Out of India: Grin mightier than the sword
Saturday 26 September 1992
The laugh-in was devised recently by a man in Bangalore named M D Nanjunda Swamy. He is not much of a comedian, and the few jokes he tried telling me (admittedly, they were translated out of the local Kannara language) fell so very flat I couldn't even pretend to chuckle.
But Mr Nanjunda Swamy does not earn his living being funny. He came to humour rather late in life. By training, he is a professor of constitutional law, a former MP for Karnataka state and a connoisseur of jails. 'I've seen the insides of almost all the prison-houses of Karanataka,' said Mr Nanjunda Swamy, 55, a serene and rather quiet man with silvery hair. A champion of Karnataka's small farmers, he has dared to challenge the state's despotic Chief Minister, S Bangarappa, by laughing at him in a big way.
Earlier this year Mr Nanjunda Swamy gathered 50,000 farmers to sit outside the state secretariat and tried to 'laugh the government out'. They had tried all the usual forms of non-violent protest - sit-ins, blockades, refusing to pay taxes, picketing, blockading roads - but the state government remained unmoved by the farmers' pleas for land reforms and an increase in produce prices. The farmers' only reward was getting arrested or shot.
The farmers, surrounded by policemen, just sat on the lawn outside the government building and told jokes against Mr Bangarappa. And the jokes? 'They were puns, actually,' Mr Nanjunda Swamy said. After warming up the farmers with a little word-play, it was enough simply to say 'Bangarappa]' over the megaphone and the farmers would shake with laughter. The police made no arrests ('How could they? All we did was laugh') and no public property was damaged. 'It's as easy to make people laugh as to make them angry. Laughter can be a very powerful weapon against the government,' Mr Nanjunda Swamy said. However, when confronted with these jeers, Mr Bangarrapa, who is as rhino-skinned as any politician, did not flee the secretariat weeping and immediately resign.
Still, Mr Nanjunda Swamy was undeterred.' Bangarappa is a very uncouth man. I imagine he didn't take it much to heart. But come election time, I think the voters will remember how ridiculous he is.'
Mr Nanjunda Swamy took a page from Mahatma Gandhi's thinking on non-violence. Gandhi called it satyagraha, which in Sanskrit means 'a pressurising for truth'. Gandhi is said to have been influenced by the story of a prince in one of the Upanishads (Sanskrit philosophical treatises). 'The prince asks his father the meaning of life,' Mr Nanjunda Swamy said. 'His father, the king, dismisses him in disgust, and tells him to go ask Yama, the god of death. The prince does, and that is satyagraha.'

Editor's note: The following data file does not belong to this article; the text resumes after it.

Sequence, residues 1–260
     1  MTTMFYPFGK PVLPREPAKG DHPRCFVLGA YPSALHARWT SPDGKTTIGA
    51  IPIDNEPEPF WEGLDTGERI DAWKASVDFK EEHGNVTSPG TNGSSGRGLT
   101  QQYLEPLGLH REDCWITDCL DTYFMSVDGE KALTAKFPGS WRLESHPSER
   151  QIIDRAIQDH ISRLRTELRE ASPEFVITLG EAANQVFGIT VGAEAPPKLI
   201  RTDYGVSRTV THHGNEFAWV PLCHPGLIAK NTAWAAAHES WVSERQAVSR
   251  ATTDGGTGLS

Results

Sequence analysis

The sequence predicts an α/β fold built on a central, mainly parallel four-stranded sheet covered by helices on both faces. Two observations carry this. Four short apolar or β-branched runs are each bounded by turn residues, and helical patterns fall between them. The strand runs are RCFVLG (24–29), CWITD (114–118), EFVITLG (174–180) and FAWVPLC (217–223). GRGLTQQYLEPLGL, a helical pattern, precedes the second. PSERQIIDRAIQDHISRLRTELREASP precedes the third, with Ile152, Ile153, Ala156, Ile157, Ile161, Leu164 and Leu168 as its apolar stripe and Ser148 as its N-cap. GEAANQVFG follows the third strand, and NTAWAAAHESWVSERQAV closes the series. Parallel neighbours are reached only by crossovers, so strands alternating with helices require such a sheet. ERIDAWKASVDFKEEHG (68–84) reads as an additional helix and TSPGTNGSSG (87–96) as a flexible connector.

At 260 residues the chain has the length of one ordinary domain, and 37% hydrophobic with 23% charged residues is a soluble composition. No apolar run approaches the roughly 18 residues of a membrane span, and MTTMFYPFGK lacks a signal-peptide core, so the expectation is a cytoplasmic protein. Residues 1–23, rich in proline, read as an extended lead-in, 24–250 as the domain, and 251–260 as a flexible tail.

This talk of death brought us to hunger strikes, an everyday occurrence in India. A hunger strike is less shocking, perhaps, in a nation where so many people are starving to death than it would be in reasonably affluent Britain. But Mr Nanjunda Swamy claims that since independence from Britain, tens of thousands of Indians have gone on hunger strike but nobody has died on one. '. . . these people today, they say they'll fast until death, knowing that they'll break the strike in one or two days.'
No, the laughing protest has more possibilities than a hunger strike. You don't often die from laughter. But where's the challenge? Politicians, be they in Bangalore or Downing Street, are simply too easy to laugh at.
Jennifer Lawrence attacks mass media again over body image
Paris charity auction staged to save the ancient city of Tyre
scienceScientists find the answer to a question that even puzzled Darwin
A very timely Great Train Robbery and a frantic 24 Hours in A&E among the highlights
arts + entsThe 'Friends' actor on his new role as campaigner on addiction issues
Jennifer Lawrence: 'It should be illegal to call someone fat on TV'
Colin Farrell reveals ‘affair’ with Elizabeth Taylor: 'She was my last romantic relationship'
Children evacuated from swimming pool after prosthetic leg mistaken for paedophile
Devyani Khobragade: India-US row escalates over arrest of diplomat in New York
Peter O'Toole: Tales of the late film icon
Exclusive: Young people ‘want UK to stay in Europe’: Four in 10 adults aged 18 to 24 are ‘firmly in favour’ of membership, poll shows
Fox News presenter tells viewers it is a 'fact' that both Jesus and Santa Claus are white
You can STILL be jailed for being a republican, government confirms, and it remains illegal to even 'imagine' overthrowing the Queen
Kiss and yell: Italian protester charged with sexual assault after kissing riot police officer
Fighting back: the woman giving a voice (and 49,999 others) to the victims of sexism - by giving an airing to their horror stories
PM denies two child limit for benefits is part of Tory welfare policy
- 1 America's 'virgin births'? One in 200 mothers 'became pregnant without having sex'
- 2 Sun will 'flip upside down' within weeks, says Nasa
- 4 Christmas comes early: Justin Bieber announces he's 'retiring from music'
- 5 Children evacuated from swimming pool after prosthetic leg mistaken for paedophile
- < Previous
- Next >
Negotiable: Capita Education Resourcing Permanent Team: Chemistry Teacher requ...
£Attractive Package: Citifocus: Senior project manager with Fund Data experien...
£45000 - £55000 per annum + Fantastic Benefits: Pro-Recruitment Group: A top i...
£30000 - £45000 per annum: Pro-Recruitment Group: Recruiting at a rapid rate o...